Monday, October 26, 2015

The Art of Randomness

Being strategically random is an art, not a science. Years ago I heard a radio show about randomness and I recently came across it again: My two current projects engage the concept of randomness.  I wanted to "eat up" a bunch of hand spun yarn (to make space for more of course) so I started knitting a blanket with blue tones. The other project is a woven piece using some random yarns.

In the Radiolab show they talk about an experiment in which there are two groups. One is going to flip a coin 100 times and write down whether they got heads or tails. The other group generates a random list of heads or tails. Then the scientist looks at the two list and immediately knows which list is real randomness. She knows because there are 7 tails in a row in the coin flip group.  The other group had chosen to not make such a long string of the same outcome thinking they were being random.  Apparently there will always be 7 of the same side of the coin in a row for any given 100 flips.

How does this relate to my project? If you were trying to make pleasant looking random stripes and you put 7 strands in a row it would stand out as odd.  So my randomness is not random.  As I'm knitting the blue tone blanket, if I haven't had a white strand in a while I'll add one in---but I'm definitely not counting and putting in the white at regular intervals.  Every now and then I step back from this blanket and ask myself "What color have I not used in a while?" or "Am I using too much of the same color?" I'm starting to run out of certain colors and that is limiting my options.  Will that mess with my perceived randomness?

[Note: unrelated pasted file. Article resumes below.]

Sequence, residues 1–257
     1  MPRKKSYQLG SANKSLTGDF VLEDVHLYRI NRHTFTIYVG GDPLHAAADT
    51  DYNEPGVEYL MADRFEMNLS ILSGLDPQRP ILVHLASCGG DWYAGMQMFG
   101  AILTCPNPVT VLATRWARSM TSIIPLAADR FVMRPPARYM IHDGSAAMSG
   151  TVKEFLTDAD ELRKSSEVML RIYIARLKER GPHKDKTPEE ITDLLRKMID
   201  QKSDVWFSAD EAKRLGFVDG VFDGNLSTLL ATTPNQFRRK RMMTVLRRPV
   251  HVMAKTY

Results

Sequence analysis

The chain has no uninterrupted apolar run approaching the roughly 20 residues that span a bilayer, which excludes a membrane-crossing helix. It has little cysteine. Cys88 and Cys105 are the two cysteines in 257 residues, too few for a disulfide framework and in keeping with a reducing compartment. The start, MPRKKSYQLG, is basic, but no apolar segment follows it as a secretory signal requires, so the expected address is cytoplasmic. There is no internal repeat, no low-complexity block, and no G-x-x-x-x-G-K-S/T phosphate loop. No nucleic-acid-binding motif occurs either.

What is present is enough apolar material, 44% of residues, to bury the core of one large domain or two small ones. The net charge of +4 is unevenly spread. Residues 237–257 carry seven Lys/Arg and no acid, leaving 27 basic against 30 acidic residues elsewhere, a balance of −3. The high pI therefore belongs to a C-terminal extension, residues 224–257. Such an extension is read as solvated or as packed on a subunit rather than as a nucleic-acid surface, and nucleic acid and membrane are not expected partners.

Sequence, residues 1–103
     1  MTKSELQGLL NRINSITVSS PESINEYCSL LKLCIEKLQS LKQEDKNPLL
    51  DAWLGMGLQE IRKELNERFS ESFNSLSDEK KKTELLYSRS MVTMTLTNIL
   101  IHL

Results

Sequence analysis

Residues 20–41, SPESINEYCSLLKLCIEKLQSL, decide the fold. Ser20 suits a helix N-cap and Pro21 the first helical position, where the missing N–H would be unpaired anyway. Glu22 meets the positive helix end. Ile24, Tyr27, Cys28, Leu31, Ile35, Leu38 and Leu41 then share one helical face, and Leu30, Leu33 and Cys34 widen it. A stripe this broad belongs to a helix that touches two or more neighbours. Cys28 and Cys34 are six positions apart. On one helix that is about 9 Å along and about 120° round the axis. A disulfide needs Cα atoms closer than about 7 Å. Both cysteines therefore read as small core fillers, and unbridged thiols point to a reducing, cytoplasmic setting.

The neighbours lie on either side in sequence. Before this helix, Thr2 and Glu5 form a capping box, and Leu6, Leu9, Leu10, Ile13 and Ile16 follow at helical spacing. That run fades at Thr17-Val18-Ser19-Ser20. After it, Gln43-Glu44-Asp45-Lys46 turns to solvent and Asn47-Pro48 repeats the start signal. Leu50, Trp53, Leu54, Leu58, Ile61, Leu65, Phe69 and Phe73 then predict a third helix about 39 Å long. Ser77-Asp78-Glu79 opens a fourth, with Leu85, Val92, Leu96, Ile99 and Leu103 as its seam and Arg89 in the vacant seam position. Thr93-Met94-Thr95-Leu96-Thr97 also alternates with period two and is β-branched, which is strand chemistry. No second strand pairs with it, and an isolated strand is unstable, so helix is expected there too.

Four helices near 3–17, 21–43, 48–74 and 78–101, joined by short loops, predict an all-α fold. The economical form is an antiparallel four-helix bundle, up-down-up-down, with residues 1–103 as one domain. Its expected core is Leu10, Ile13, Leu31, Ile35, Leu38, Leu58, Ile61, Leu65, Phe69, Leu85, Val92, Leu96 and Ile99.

It's been a long time since I have sat at the loom. This project was a reintroduction to some of the basics of weaving. For example, after I set the warp I couldn't remember how to start. I kept starting the weaving part, but it looked super sloppy. Then I finally remembered to use a header.  I broke a few wefts along the way and had to re-learn how to deal with that, too.

The design involved random wefts and a solid color for the weave.  I wove about 2 yards, took it off the loom, and cut the fringe. I'm not sure what I'll do with it; it's more of a practice piece.

If you are searching for something to listen to while doing your fiber crafts I highly recommend this episode of Radiolab. If you are a compulsive gambler it's a MUST HEAR!

Tuesday, September 22, 2015

Icelandic Sweater for a Student Midwife

She will wake in the middle of the night, pull herself from her own bed, and drive to you. She will greet you with a smile. She will rub your back and her hands will take away some of the pain. She will encourage you. She will make it safe for you. She will place your baby on your chest and cover you both with warm blankets. She will hug you when she says "good bye".

Tuesday, September 15, 2015

Icelandic Sweaters

Before Weaving Works moved to their new location a while back they had a sale in which for $50 you could stuff as much yarn into a bag that would fit.  That is how I got all of this Alafosslopi.  The abundance of Icelandic wool allowed me to explore Icelandic patterns.  First I made a rather large Afmaeli sweater. Using the same pattern but making LOTS of modification I made this grey one. This time I took some of the lighter yarn and over-dyed it, getting these dark purple and forest green colors.